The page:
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Marine Corps Recruiting Command

Marine Corps Base Quantico, Va.

3280 Russell Road, 2nd Floor Quantico, Va. 22134
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Commandant delivers diversity guidance to recruiting leaders

By Lance Cpl. David Flynn | Marine Corps Recruiting Command | December 20, 2011

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General James Amos, commandant of the Marine Corps, speaks to recruiting station commanding officers and other recruiting leaders during the National Commander's Conference Oct. 18. During the conference, Gen. Amos articulated his vision of a diverse Marine Corps that continues to connect to the American public as the face of the nation shifts.

General James Amos, commandant of the Marine Corps, speaks to recruiting station commanding officers and other recruiting leaders during the National Commander's Conference Oct. 18. During the conference, Gen. Amos articulated his vision of a diverse Marine Corps that continues to connect to the American public as the face of the nation shifts. (Photo by Sgt. Christina Porras)


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MARINE CORPS BASE QUANTICO, Va. -- In his book, “First to Fight: An Inside View of the U.S. Marine Corps,” Marine legend Lt. Gen. Victor H. Krulak recounted numerous attempts throughout Marine Corps history to merge the Corps with the Army or do away with it altogether. According to Lt. Gen. Krulak, the Corps survived and continues to thrive today for one reason; because the American people want it that way.

Referencing Lt. Gen. Krulak’s words, Gen. James Amos, commandant of the Marine Corps, spoke of this connectedness or “special alchemy,” and how the Marine Corps can continue to maintain it, while speaking to recruiting leaders at the National Commander’s Conference in San Diego Oct. 18.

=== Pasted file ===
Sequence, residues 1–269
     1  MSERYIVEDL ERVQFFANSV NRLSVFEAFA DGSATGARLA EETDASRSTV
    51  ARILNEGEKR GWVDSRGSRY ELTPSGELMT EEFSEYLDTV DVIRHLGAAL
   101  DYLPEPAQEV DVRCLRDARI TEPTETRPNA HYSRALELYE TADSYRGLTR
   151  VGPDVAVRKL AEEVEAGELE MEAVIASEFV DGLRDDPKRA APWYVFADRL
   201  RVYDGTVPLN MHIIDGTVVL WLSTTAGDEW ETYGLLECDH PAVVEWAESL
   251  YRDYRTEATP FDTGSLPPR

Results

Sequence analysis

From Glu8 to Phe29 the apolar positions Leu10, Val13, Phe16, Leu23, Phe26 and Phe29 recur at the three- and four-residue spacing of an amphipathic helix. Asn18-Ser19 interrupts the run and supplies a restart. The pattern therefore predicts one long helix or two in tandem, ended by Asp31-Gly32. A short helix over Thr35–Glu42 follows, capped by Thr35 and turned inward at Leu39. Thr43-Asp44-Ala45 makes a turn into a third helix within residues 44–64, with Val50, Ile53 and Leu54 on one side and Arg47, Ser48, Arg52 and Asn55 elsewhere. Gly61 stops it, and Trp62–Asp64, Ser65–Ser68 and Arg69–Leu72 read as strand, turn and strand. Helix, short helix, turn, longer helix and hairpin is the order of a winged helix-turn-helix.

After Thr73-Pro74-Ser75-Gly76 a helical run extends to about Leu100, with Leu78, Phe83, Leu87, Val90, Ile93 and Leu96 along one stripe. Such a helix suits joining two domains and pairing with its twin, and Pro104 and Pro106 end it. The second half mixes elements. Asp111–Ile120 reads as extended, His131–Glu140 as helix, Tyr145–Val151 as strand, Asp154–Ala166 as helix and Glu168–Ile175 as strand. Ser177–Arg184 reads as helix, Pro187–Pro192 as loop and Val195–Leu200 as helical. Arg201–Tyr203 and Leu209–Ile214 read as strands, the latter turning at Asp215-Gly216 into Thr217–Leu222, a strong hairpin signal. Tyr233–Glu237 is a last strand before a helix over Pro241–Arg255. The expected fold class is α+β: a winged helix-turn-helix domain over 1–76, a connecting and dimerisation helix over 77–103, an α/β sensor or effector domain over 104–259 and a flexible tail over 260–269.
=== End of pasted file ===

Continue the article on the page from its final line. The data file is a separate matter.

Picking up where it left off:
“We have a connectedness to the American people that no other service has,” said Gen. Amos. “A diverse force helps guarantee our connectedness to the American people.”

As the populations of minority groups in the United States continue to rise at a faster pace than Caucasians, Marine Corps Recruiting Command must reflect this change as it recruits the newest generation of Marines and officers. According to Gen. Amos, doing this is crucial if the Corps wants to maintain its special relationship with the American people. Since taking over as commandant, Gen. Amos has made it a top priority for MCRC to recruit a representative force. Special attention is being focused on officer accessions, where diversity lags behind that of enlisted recruiting.

“Those young enlisted Marines that come from a diverse background deserve to look up and see an officer corps that is reasonably representative of them,” said Gen. Amos. “A diverse Marine Corps is the end state. That’s what success looks like.”

Throughout fiscal year 2011, officer selection officers worked hard to turn the commandant’s envisioned end state into reality. Their work yielded across the board success, as FY11’s group of officers accessed was the most diverse in a decade.